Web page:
Craig Billings
Chief Executive Officer at Wynn Resorts

No. There's no reason that we couldn't do that, other than credit underwriting. What we won't do is underwrite players that we're not comfortable with from an asset perspective. So with that caveat, no, there's nothing that could stop that.

Robin Farley
Analyst at UBS Group

Okay. Thank you.

Craig Billings
Chief Executive Officer at Wynn Resorts

Sure.

Julie Cameron-Doe
Chief Financial Officer at Wynn Resorts

We will take one last question, operator.

Operator

Thank you. John DeCree with CBRE. You may go ahead.

John Decree
Analyst at CBRE

Hi. Good afternoon, everyone. Thank you taking my question. Maybe bring the conversation back home for one in Las Vegas, obviously, a fantastic quarter for you guys in the market as a whole. And two kind of customer segments that we're paying attention to is the international customer and convention recovery. Presumably, we've seen both of those kind of accelerate in 1Q. So curious to get your thoughts on where the recovery of those two segments are for Wynn specifically and how much room you see in front for those kind of two customer segments relative to 2019?

Craig Billings
Chief Executive Officer at Wynn Resorts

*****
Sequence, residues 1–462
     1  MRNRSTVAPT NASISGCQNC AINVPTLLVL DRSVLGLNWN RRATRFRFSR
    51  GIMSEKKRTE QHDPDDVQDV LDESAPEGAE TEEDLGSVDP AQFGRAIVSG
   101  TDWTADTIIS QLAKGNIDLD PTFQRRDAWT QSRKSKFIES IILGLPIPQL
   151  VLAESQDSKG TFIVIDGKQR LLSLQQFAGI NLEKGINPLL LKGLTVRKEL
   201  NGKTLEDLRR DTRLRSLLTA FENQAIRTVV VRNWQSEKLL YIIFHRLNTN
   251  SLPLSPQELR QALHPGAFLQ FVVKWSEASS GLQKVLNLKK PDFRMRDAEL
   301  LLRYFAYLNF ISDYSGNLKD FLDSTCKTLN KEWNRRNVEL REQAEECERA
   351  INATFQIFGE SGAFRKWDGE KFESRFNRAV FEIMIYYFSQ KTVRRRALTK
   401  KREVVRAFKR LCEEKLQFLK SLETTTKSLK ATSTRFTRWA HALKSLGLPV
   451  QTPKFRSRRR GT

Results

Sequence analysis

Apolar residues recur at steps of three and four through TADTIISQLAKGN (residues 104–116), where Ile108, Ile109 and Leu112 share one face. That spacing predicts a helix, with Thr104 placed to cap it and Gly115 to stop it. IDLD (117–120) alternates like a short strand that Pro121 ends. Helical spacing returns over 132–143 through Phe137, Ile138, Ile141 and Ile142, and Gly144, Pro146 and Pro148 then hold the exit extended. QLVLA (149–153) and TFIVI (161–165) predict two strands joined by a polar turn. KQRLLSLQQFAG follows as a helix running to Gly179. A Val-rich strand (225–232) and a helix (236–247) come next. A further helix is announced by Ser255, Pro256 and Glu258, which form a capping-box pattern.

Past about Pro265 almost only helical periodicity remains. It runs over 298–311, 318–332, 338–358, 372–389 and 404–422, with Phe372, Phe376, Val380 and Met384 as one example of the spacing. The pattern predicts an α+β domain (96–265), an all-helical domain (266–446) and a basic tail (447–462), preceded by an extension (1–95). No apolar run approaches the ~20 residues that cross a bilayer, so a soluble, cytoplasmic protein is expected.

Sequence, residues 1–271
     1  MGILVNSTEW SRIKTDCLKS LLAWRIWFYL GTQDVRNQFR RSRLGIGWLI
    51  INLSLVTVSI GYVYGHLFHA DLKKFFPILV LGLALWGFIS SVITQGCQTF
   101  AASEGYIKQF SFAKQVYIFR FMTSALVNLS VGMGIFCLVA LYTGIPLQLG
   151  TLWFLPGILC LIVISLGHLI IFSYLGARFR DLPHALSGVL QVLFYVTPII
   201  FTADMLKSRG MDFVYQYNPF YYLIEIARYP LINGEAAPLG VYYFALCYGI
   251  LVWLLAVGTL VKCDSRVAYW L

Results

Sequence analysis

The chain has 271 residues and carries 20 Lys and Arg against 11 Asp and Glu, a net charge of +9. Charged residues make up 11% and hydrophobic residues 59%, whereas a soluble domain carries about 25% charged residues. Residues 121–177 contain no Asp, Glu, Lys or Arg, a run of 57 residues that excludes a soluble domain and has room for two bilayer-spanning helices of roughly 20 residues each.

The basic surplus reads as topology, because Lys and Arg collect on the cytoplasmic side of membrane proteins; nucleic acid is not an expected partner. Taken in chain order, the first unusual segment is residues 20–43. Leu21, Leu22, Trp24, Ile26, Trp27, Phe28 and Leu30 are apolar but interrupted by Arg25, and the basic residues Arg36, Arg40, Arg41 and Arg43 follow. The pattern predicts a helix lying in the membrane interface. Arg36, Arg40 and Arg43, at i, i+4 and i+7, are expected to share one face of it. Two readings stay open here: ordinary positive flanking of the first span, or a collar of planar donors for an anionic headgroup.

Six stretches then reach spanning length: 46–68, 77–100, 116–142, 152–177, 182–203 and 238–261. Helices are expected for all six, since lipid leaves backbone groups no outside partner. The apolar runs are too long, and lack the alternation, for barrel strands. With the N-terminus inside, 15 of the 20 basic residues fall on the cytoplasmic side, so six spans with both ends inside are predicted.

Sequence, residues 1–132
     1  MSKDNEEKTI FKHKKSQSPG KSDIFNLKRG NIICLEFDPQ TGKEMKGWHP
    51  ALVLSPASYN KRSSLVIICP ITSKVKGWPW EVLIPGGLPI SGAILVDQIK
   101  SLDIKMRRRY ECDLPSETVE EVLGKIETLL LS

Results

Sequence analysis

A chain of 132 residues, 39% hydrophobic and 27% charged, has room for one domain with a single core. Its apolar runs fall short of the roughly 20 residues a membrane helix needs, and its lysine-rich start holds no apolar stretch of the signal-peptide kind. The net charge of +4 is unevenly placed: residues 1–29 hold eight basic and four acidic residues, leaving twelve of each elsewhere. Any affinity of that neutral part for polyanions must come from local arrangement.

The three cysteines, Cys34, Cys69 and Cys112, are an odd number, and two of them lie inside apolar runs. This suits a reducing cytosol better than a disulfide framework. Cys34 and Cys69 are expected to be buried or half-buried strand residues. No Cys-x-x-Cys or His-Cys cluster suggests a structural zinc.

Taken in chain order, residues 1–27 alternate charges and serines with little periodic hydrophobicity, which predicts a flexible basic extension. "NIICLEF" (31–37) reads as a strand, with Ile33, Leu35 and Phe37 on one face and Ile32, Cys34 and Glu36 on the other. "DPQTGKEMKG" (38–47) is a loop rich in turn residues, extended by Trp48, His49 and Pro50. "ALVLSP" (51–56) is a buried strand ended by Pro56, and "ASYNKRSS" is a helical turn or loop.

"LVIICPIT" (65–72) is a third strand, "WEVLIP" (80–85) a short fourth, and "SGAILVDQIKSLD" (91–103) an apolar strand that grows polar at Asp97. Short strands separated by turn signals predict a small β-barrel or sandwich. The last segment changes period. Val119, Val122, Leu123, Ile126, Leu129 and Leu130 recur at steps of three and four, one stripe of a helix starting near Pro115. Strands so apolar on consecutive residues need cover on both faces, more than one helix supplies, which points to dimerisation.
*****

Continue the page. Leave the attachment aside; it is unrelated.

Sure. I'll cover international and then I'll ask Brian to talk about the group and convention pacing. On the international side, you're right, the market has not gotten back to its full pre-COVID levels. It's really been a geography-by-geography question. LatAm started to return early. Europe has started to come back. And so, there are certainly opportunities in international. I do want to -- I would specifically call out China and Mainland Chinese guests where we don't know yet because it's very, very early there. And so, we'll see how that plays out. But international is starting to trickle back. And I think that that will be a tailwind as we move through 2023 with the caveat that I mentioned with respect to seeing how China plays out.

Brian, do you want to comment on our group and convention pace?

Brian Gullbrants
Chief Operating Officer of North America at Wynn Resorts

Sure. Thanks, Craig. John, yeah, I would say that group is back beyond 2019 levels at this point. When you look to Q1 and what we did, the team did an amazing job. We had one of our best -- well, we had the best convention group revenue we've ever had. We had all the stars line up, CES, Homebuilders, CONEXPO. It was just a phenomenal quarter, which then helped drive the record quarter.

If you look forward, I think the group business is solid. Our team has done a great job. We're pacing towards record group room nights for this year with very strong ADRs. We built a solid base that will allow us to yield manage our rooms in the other segments as we move forward. And right now, 2024, knock on wood, 2024 is actually pacing ahead of what we believe will be a record 2023. So, yes, we're back to beyond 2019 levels, and we see this right now continuing. We're looking for the signs. Don't see any signs of softening yet, but we're going to be cautious and react if we have to. But right now, it looks pretty good.

Craig Billings
Chief Executive Officer at Wynn Resorts